Black brick helps Jean Nouvel's Chelsea tower blend in. Credit Michael Appleton for The New York Times
These same tensions continue to play out inside. There’s a sexiness to the main lobby, with its floors and walls of sleek black granite and painted glass, and its fleeting view of a swimming pool set between the tower and the back of the older brick building behind it.
Once you get to the apartments, however, that eroticism is mixed with a certain urban toughness. Details are simple and straightforward (despite the Viking stoves). The apartment terraces are reached through pivoting, industrial-scale doors. Mr. Nouvel imagines the terraces filling up with potted plants, bicycles and other odds and ends once the tenants have settled in.
Conversely, the backs of the apartments have small cut-out windows placed at odd heights — some at eye level, others up near the ceiling — that frame contrasting views of the city: the clock on the old Metropolitan Life Tower; a caged recreational area on the roof of the prison; a sooty brick wall covered with pipes, the Empire State Building. The care with which the views are framed — reinforced by the windows’ simple heavy steel borders — is such that you can almost feel the city tugging at you.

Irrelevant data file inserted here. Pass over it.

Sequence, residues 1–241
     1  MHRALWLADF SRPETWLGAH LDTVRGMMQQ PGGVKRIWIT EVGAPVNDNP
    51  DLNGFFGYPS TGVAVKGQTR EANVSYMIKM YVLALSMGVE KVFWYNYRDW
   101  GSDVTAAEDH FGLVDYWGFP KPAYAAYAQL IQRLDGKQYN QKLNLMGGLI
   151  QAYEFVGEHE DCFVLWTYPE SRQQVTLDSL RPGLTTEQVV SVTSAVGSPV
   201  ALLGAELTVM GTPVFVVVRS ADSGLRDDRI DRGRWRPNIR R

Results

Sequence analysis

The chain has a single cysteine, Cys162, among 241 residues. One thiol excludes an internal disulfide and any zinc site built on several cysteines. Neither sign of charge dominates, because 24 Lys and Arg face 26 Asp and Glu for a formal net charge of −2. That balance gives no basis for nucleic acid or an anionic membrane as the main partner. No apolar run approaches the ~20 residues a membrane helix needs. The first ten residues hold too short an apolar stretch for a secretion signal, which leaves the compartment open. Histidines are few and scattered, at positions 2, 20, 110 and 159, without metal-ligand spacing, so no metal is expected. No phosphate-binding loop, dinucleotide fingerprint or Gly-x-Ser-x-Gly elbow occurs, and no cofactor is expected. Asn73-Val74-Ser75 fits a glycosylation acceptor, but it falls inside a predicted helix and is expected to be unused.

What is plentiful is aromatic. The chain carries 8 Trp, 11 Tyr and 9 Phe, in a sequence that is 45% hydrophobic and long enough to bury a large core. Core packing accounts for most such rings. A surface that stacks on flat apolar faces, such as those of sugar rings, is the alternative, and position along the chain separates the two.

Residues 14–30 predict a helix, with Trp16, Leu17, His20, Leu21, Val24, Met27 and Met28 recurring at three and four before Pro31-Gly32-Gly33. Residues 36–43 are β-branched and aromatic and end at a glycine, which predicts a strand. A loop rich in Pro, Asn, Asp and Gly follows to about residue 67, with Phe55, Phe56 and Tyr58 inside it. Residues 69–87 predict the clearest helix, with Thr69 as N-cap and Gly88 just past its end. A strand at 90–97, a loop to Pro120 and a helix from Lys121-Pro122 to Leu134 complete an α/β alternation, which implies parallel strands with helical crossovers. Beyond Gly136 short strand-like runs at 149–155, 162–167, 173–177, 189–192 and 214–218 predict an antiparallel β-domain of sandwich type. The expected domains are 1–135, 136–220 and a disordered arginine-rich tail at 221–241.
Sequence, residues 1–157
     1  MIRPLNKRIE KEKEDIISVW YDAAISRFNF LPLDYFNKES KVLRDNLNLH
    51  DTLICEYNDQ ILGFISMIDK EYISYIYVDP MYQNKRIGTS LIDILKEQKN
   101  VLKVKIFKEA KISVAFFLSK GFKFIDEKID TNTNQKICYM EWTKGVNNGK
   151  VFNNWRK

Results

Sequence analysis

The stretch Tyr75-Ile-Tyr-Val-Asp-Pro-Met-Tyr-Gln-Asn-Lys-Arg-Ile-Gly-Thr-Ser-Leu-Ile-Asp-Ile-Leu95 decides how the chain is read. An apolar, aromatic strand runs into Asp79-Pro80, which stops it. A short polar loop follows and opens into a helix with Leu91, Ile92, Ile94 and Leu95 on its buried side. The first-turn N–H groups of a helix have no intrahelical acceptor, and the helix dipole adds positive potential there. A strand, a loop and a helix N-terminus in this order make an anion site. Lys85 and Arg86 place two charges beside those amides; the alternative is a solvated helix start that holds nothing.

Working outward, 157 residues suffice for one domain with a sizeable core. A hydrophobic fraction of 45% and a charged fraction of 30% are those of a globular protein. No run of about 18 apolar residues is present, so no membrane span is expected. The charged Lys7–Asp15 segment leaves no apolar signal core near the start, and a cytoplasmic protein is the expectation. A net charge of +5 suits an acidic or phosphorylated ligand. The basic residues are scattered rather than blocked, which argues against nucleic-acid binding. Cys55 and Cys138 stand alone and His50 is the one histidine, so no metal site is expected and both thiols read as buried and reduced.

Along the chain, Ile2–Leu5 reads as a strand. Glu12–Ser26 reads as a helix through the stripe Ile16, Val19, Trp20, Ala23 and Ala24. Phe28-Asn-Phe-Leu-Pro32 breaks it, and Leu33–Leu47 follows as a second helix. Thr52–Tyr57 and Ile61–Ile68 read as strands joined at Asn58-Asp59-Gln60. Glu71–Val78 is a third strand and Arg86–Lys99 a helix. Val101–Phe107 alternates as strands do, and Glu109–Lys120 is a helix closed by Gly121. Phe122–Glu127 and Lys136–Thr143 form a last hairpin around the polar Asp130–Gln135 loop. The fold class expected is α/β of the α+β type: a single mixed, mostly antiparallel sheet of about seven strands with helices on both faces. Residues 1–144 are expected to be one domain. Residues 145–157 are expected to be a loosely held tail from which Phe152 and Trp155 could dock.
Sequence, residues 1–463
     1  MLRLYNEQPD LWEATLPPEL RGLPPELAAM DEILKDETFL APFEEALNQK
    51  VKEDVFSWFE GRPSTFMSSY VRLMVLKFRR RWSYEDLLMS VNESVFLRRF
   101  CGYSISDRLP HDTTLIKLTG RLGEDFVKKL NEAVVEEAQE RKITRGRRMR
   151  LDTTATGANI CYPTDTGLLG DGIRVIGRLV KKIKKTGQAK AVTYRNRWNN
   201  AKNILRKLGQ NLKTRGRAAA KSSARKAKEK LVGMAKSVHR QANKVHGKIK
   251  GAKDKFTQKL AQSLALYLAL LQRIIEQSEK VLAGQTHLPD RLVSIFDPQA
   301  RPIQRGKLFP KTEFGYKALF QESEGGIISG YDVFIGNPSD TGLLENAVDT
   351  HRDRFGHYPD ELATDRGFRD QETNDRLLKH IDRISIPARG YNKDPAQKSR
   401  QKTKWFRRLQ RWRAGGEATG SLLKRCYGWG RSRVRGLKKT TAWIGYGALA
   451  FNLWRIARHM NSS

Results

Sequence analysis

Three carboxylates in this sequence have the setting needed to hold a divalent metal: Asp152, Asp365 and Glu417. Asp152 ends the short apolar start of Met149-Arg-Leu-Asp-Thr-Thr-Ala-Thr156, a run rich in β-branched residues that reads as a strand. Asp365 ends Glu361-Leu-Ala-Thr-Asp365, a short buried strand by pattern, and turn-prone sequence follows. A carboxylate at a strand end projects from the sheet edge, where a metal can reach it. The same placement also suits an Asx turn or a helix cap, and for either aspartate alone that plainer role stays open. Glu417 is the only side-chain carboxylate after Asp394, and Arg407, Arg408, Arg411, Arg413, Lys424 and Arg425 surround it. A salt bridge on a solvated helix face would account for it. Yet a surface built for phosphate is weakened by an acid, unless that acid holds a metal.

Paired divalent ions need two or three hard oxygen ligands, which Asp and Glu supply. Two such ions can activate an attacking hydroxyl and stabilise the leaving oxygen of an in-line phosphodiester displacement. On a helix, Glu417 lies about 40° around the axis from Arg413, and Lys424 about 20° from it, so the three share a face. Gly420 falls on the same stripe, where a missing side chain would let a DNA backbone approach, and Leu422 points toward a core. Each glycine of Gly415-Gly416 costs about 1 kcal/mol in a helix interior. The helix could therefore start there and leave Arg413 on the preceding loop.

(The penthouse, not surprisingly, is the least seductive of all the apartments. Vast and airy, it could have been shaped by a real estate agent’s checklist. Sweeping river views, marble fireplaces, walk-in closets: these are today’s equivalent of gold faucets and sunken tubs.)
Some will argue that all of this simply provides a veneer of civility to a culture that is sliding deeper and deeper into narcissism. For me, though, the building is a lesson on how to navigate an enlightened path in an era of extremes. It’s not utopia, but it demonstrates what a major talent can accomplish when he focuses his mind on a small corner of the city.


THE far west side of Midtown, once notable mostly for being home to the Javits Center and the city’s few remaining stables, is quickly becoming known for huge residential projects like Silver Towers, with 1,360 units; MiMA, with more than 800 units as well as a hotel; and Mercedes House, with 850 units.